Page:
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Stoping condensation on lathe

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  • Stoping condensation on lathe

    Hi all, have been reading the post for a few weeks, Ford tech by trade for the last 20 years, getting into metal work as a hobby. Anyway my problem, Was not able to finish the insulation and heating of my shop before winter so for now I'm using one of the torpedo type heaters, heats the shop up nice but I'm sure by now you can see my problem. Going from below freezing to approx 70*F causes some condensation problems on some of my bigger tools, particularly the lathe, it's a smithy granite 1340 series (I know, whish I would have found this forum when I was looking for a machine but for a newbie just learning, ti seems to serve its purpose). I've been thinking of ways to reduce or eliminate the condensation on the lathe, I have one of those magnetic block heaters and was wondering if I went out and attached it to the lathe bed a few hrs before I was going to use the shop, would that work? Or would the localized temp on the bed cause a problem, I know the machine would warm slowly but the heater itself reaches 300*F. Would that maybe cause twisting or warpage of the bed? Sory for the long post.

  • #2
    The problem is that you going from freezing to 70 deg F. Perhaps if you heat up your shop in a much slower pace. Anyhow, your lathe should be covered in way oil anyhow. Perhaps set the heat to 40 something when your not in there.


    • #3
      Tim, You might want to google for "dew point chart". These show the temperature and humidity at which humidity will condense on a surface.

      I think you have two solutions, one being to pump some watts into heating the machine. The second is to spray it with a water displacing product that ALSO protects (WD-40 does not). Starrett M1 is one and LPS#2 is another. The Starrett is nice because is leaves a film behind that is so fine you can just go to work without doing anything. LPS#2 is a bit heavier and LPS#3 leaves a waxy film for heavy duty protection.

      To prevent the condensation with a block or other heater in/on the lathe bed, you need to bring up the lathe temperature BEFORE bringing up the air temp. Back to the dew chart Den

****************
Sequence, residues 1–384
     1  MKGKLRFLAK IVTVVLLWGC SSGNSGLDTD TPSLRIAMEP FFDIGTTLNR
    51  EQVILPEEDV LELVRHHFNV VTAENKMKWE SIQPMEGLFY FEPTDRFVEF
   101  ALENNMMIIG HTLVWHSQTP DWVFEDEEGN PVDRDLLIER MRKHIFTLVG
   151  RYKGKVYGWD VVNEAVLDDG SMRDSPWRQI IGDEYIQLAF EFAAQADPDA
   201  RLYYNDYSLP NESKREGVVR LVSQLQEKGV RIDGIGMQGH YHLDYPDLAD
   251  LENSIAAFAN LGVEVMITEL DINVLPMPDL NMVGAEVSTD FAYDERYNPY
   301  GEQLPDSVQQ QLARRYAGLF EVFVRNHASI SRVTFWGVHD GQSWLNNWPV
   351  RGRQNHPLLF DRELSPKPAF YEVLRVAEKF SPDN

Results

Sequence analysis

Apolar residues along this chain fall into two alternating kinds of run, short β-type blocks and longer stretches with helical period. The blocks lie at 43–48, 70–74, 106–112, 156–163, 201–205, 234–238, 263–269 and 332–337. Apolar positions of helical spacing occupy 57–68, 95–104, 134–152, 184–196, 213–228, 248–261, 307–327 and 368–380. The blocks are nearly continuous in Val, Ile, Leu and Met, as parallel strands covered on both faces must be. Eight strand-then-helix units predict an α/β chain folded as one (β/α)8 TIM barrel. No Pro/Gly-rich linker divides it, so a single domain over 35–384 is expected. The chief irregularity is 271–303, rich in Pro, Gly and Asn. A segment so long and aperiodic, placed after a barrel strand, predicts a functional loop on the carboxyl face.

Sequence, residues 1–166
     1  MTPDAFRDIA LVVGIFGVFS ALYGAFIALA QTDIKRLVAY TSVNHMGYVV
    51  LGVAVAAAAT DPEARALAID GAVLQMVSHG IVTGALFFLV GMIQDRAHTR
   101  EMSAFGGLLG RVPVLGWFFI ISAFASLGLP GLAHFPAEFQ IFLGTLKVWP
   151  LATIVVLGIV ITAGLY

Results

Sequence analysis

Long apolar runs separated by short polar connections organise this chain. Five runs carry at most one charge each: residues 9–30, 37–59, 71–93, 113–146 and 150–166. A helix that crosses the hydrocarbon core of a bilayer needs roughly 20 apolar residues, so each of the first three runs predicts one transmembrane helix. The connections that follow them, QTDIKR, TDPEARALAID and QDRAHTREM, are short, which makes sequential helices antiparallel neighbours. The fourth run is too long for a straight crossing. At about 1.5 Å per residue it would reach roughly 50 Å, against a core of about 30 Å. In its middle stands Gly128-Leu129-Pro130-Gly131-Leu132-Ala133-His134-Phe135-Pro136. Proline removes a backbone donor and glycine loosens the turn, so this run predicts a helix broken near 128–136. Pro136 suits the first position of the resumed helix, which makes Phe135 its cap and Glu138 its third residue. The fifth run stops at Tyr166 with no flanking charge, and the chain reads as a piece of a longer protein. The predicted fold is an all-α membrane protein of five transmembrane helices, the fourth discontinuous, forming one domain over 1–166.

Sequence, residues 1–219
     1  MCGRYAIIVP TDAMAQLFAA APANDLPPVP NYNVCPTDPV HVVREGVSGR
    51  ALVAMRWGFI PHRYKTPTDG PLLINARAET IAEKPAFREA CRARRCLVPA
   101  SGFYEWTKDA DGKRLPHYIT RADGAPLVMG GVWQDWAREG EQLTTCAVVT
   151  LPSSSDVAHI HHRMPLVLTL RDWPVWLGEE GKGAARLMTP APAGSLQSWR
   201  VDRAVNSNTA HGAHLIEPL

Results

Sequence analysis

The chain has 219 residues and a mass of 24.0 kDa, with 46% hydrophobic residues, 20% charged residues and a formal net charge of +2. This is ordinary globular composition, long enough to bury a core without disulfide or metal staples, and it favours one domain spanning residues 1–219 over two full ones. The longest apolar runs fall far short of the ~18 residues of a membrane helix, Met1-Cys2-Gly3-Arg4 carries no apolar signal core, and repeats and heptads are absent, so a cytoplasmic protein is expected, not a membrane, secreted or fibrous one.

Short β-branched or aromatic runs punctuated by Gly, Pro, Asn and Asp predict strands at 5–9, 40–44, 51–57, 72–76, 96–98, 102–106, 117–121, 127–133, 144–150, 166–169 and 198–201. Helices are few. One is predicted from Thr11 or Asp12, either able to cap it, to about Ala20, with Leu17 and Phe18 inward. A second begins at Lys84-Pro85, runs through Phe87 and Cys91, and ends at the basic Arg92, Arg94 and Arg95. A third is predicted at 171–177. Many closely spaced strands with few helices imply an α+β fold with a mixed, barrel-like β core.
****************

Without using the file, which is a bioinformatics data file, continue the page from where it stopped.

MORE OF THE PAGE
• #4
        That was my idea, to bring up the tempurature of the lathe before I heated the shop. I was just wondering if the localized temp at the block heater(300*F) would cause any harm to the lathe. I wish I could keep the temp up a bit but don't really like letting the torpedo type heater run for long periods of time unattended and with kerosene at almost 3.00 a gal. it's not feasible.
        I do keep everyhting well oiled (3-in-1) but it doesn't make much of a difference.


        • #5
          Another possible solution is to get some evestrough heater/de-icer cable.

          A friend did this on his Harrison lathe that is in his garage workshop. He attached the cable to the bed at the back of the lathe just below the the ways.

          The other bonus, he says, is that his hands don't freeze up when he adjusts the settings!



          • #6
            I'm in the Buffalo New York area and never had the problem you describe. I did have a severe condensation problem when we hit a few days of warm moist Southern airflow get into the barn and hit the unprotected cast iron wood working and metal tools. It looked like someone hit it all with a hose. I fixed the problem by not allowing the free flow of air in the shop area. The barn had large voids near the wall/roof lines and of course the big barn doors themselves. I partitioned off a section and put another door and that door to the equipment is never left open. I can go out there at 0 degrees, fire up the wood stove and get it up to 75 degrees and absolutly no condensation. This is no exageration. It think part of your problem might be the type of heater you are using. If you don't vent outside you introduce moisture to the air while you're heating it. My suggestion would be to dump the torpedo type heater and get one that needs a chimney. My friend has a propane ventless type heater in his great room and I find it very moist, to the point of being uncomfortable.
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            • #7